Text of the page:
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Iron Man's Suit Isn't Patented, It's A Trade Secret (litigationandtrial.com)
86 points by brlewis 2771 days ago | hide | past | web | favorite | 12 comments

"So, Tony Stark gets to choose: disclose the details of the invention in a patent and correspondingly get superior civil (i.e. monetary) relief if someone copies it, or try to keep the invention secret himself and hope that criminal law dissuades people from stealing it."

This implies something that isn't true: that Tony Stark has to choose between the two strategies. In reality, he could choose to patent parts of the Iron Man suit and keep other parts trade secrets. As we software developers well know, you are allowed to patent each individual innovation, not just the whole of a product.

For example, Stark Industries could get multiple patents on the suit software. They could get separate utility patents on the thrusters, the briefcase fold-up design, and some of the suit-specific weapons. Additionally, they'd try to get design patents on each of the suit designs. But, they could still keep the power generation unit and the navigation software secret.

That's a valid point. I discussed the suit as a single invention; Stark could indeed patent parts of it while treating other parts as trade secrets.

The post has been updated to incorporate your comment.

Funny how we make different associations when watching movies.

I watched this movie and thought about BCI, computer vision and marvel comics.

A lawyer takes a look at it and sees patents, laws and court. I didn't even pay attention to the part where Peppers was talking on the phone about patents. To me, it was just some business blabla needed for the scene to make her look busy.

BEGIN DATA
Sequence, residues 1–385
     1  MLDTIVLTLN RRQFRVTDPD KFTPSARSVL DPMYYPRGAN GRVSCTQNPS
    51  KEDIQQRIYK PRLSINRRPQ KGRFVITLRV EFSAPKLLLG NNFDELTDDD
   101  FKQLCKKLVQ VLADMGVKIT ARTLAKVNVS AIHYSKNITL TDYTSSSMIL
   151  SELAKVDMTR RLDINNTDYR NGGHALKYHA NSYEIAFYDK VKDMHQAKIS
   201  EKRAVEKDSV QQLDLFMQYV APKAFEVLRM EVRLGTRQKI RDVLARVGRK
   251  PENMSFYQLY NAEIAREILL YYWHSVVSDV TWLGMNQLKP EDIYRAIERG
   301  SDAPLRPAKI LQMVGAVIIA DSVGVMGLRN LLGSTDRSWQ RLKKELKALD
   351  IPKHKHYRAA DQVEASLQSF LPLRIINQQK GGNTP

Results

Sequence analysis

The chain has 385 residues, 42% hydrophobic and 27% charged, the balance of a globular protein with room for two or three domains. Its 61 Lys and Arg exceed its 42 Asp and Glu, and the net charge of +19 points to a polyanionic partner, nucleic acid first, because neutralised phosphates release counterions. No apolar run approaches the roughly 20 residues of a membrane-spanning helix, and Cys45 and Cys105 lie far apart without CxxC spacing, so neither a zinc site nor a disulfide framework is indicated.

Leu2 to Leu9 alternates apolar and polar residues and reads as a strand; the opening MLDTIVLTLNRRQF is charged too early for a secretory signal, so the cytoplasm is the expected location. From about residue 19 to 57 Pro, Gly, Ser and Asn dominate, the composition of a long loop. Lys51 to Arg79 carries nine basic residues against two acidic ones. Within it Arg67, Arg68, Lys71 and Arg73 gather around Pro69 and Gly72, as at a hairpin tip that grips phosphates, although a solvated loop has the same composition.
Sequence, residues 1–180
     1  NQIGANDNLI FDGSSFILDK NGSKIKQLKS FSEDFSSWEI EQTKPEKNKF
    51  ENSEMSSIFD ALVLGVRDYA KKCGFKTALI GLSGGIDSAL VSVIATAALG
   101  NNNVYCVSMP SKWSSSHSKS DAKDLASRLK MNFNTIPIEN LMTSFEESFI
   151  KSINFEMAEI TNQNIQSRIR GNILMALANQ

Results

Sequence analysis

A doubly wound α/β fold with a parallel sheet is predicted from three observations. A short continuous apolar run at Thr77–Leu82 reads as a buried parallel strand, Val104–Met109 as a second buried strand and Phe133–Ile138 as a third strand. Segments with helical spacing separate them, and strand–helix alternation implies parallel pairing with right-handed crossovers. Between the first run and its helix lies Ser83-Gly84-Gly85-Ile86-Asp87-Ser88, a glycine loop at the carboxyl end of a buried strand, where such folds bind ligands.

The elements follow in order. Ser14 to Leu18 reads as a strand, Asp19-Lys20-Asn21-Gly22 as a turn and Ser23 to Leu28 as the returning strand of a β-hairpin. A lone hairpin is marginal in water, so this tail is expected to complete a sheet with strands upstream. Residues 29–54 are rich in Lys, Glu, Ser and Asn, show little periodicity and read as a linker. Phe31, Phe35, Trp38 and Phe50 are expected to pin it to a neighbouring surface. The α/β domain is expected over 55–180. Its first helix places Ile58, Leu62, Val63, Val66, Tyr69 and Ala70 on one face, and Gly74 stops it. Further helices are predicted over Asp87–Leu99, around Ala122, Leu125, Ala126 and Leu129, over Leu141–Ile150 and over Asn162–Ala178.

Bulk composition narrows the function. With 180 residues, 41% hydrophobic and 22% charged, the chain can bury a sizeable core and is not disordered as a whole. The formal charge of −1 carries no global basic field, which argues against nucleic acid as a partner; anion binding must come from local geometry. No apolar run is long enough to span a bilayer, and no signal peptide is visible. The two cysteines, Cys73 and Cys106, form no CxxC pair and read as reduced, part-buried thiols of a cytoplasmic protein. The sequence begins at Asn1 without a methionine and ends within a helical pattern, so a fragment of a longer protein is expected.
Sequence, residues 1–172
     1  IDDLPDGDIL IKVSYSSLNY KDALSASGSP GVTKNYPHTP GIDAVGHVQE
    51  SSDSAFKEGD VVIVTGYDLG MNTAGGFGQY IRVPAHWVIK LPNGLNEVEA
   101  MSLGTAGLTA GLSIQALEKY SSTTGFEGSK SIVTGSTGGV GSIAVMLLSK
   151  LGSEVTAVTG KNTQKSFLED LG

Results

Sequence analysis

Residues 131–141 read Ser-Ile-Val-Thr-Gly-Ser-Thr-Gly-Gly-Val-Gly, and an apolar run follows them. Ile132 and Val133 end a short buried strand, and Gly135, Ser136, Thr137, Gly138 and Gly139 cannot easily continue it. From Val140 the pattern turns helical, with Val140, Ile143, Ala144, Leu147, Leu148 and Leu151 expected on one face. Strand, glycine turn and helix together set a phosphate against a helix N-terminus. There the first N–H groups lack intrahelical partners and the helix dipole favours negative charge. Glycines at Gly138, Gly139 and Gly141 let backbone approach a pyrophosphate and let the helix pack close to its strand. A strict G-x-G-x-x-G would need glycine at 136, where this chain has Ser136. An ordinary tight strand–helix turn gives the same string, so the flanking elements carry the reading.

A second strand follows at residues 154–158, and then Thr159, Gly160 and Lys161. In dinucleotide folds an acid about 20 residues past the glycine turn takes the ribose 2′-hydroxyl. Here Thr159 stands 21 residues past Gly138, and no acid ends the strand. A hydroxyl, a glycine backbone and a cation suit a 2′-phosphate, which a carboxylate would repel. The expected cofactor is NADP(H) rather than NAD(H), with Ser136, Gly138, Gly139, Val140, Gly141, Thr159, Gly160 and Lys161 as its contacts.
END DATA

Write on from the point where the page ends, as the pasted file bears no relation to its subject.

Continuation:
However, I did pay close attention to how he manipulated his 3D, his home interface, the jargon used, the software (no comments) etc.

Just interesting.

I found most interesting the bit about the states secrets privilege. Every time I encounter that I suspect that some bureaucrat somewhere is using it to cover his ass, and the government is likely in the wrong. Certainly my reading about the facts of the very first case where it was asserted, United States vs Reynolds, says that this was the motivation.

See http://www.iasa.com.au/folders/Publications/Legal_Issues/the... for some of the background on that case.

Yet one of Judy's childhood friends sensed something. Susan White felt there was an "elephant in the closet" at Judy's house. She believed that the elephant was Judy's father.

English must be so weird for non-native speakers.

You are getting used to it. The worst part is, that English's flexible grammar makes puns easy. And then the English look down on people who actually have to think of funny ideas to make a joke.

"In the film, Pepper Potts, played by Gwyneth Paltrow, demands action from "patent attorneys," but Stark Industries obviously hadn't patented the technology, or else the government would already have access to the information needed to reproduce the armor."

When was the last time anyone here read a patent and thought "now I have all I need to implement"?

I read through the patents about paper furniture. It was very descriptive, talking about how to easily replicate the honeycomb pattern, using craft paper specifically, alternative shaping, how to make larger pieces like walls more stable, and how to fireproof it with a borax solution. In a half hour at home I made a stool, worked perfectly. If I wanted to make a business around this, I would probably only have to call them about licensing.

I think the tact that it is hardware might make it a different game. When viewing patents on circuit design or specific hardware devices, there are usually circuit diagrams and drawings. In general, hardware patents have a lot more reproducable specifics internally than software patents.

That probably says something about hardware vs software patents.

Legally, a patent should be clear enough that a competent practitioner can reproduce the technology.

Software patents are funny things.

For anyone who wants to learn more about the nature of IP: Patents, Trade Secrets, Trademarks, Copyrights, Licensing, I recommend this book: http://oreilly.com/catalog/9780596517960.

I read it about 6 months ago, it will give you some clarity of thought about these matters. And apart from the odd gratuitous computer metaphor it is quite minimal -- you could probably use it as a reference if necessary.

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